Women of African Descent: Fighting a Battle on Two Fronts


During a high-level meeting at the 66th Session of the UN General Assembly on 22 September 2011, world leaders adopted a declaration to re-affirm their political support to fully implement the Durban Declaration and Programme of Action (DDPA) — a framework of measures to combat against racism, racial discrimination, xenophobia and related intolerance.

Marking 10 years this week since its adoption at the 2001 World Conference against Racism in Durban, South Africa, the Durban Declaration notes that people of African descent are specifically victim to racism and continue to suffer racial discrimination as part of the legacy of the transatlantic slave trade. In the Americas, there are approximately 200 million people of African descent. Millions more live in other parts of the world, outside of the African continent.

The 10th anniversary of the Durban Conference offers an opportunity to renew the commitment of the United Nations and the general public in the fight against racism and racial discrimination. Coinciding with the International Year for People of African Descent, the anniversary also serves to remember the victims identified in the DDPA.

Changes in Global Society

Brazil has the second largest population of African Descendants with 95 million people.

Coupled with the racism is sexism. Women still face barriers in acquiring high-power positions in public and private organizations. The presence of black women in management positions in companies is almost nonexistent: only 0.5 percent of black women are in executive management, 2 percent in management , 5 percent in supervisory roles, and 9 percent function in non-managerial roles, according to a 2010 study by the Ethos Institute.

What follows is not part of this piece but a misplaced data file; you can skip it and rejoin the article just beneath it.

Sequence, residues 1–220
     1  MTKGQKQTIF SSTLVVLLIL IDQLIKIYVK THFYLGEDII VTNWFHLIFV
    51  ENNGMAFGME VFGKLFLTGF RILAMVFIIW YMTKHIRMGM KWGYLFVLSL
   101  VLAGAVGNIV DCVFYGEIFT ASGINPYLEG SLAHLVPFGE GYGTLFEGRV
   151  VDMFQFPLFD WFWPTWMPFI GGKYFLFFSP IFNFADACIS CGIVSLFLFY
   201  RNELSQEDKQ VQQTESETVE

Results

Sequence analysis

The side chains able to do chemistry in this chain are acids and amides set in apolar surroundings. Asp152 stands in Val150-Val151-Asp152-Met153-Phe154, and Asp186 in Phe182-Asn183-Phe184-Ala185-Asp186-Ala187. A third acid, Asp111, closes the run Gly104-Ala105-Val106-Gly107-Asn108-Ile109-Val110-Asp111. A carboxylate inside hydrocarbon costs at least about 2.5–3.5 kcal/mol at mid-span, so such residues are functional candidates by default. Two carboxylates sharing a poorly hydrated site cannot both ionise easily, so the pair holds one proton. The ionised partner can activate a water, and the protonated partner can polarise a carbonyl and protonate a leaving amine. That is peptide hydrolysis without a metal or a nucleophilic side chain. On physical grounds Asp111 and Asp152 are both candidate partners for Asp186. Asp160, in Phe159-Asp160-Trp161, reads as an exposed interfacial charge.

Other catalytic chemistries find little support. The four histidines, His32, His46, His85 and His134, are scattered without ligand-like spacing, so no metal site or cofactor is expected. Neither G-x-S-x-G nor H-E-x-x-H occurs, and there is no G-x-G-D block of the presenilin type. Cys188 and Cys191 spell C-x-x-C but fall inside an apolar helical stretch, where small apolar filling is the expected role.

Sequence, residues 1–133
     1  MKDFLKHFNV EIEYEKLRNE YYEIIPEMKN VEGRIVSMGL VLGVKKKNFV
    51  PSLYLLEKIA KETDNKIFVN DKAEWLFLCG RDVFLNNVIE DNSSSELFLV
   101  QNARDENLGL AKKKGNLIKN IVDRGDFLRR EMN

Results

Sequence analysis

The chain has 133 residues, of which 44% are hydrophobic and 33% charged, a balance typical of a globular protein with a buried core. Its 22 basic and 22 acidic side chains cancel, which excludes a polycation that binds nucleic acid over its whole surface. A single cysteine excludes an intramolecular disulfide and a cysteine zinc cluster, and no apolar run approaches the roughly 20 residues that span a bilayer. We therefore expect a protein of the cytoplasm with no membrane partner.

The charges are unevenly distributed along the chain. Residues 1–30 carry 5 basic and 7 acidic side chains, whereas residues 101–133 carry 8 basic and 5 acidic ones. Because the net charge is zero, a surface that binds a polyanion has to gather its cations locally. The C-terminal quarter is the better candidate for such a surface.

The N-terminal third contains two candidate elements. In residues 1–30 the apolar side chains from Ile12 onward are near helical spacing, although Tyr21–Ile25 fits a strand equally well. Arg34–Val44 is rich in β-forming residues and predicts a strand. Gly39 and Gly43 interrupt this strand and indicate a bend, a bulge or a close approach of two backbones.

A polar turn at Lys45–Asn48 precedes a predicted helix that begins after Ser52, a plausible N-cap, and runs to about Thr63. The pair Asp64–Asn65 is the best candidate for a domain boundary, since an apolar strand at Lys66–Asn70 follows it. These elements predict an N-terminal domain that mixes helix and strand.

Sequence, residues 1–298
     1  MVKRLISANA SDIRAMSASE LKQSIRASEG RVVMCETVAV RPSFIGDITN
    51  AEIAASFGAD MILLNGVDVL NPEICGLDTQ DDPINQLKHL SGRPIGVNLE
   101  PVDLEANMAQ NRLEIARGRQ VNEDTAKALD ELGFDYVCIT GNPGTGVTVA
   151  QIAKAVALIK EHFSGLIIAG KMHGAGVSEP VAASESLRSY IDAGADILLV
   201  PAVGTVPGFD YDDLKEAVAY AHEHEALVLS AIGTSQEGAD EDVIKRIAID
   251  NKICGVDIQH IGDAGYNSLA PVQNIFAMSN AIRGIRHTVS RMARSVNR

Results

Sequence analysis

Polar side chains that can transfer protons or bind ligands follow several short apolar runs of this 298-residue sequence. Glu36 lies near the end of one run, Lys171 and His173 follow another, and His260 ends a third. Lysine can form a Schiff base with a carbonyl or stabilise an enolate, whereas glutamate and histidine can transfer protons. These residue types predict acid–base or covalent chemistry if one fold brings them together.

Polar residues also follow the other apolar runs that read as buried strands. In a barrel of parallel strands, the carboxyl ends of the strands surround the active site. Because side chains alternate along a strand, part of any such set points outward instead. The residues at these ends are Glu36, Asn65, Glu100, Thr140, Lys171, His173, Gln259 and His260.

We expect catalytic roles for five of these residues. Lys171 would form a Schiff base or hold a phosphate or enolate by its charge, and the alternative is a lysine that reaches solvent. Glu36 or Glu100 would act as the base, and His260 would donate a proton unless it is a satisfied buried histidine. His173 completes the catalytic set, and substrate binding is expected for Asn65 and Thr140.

Over these ten years, UN Women in the Southern Cone has supported political organizations promoting the rights of black women. One example is the Brazilian Black Women's Group, formed after the Durban Conference. Lúcia Xavier, one of the participating Brazilian activists in Durban, called attention to the perverse relationship that links racism to sexism.

“Our challenge as a movement of black women can be considered small in relation to the struggle we face daily with racism, sexism and social exclusion, Ms. Xavier said. “We are entitled to a full life, to enjoy an inclusive democracy and social rights. Society must change.

Empowering Black Women

Since 2006 UN Women has invested in empowering black women by incorporating dimensions of gender, race and ethnicity in its programmes to fight poverty in Bolivia, Brazil, Guatemala and Paraguay.

Financed by the Spanish Agency of International Cooperation and Development (AECI), the initiative includes perspectives of gender, race and ethnicity in governmental and non-governmental efforts to reduce poverty and discrimination and in the production of related disaggregated data.

According to Dorothy Wilson, coordinator of the Network of Afro-Latin and Afro-Caribbean and Diaspora, they were able to “approach other women's networks on the continent and coordinate joint efforts through forums that were held in preparation for the Durban Conference.

As part of its strategy to combat racism, the network promotes strategic partnerships with other social movements, the implementation of the Durban Declaration and the increased participation of youth in the movement of black women.

“We are promoting the implementation of the Durban Plan, the inclusion of the ethno-racial variable in the census and the establishment of the Inter-American Convention against Racism and All Forms of Discrimination and Intolerance, Ms. Wilson said.

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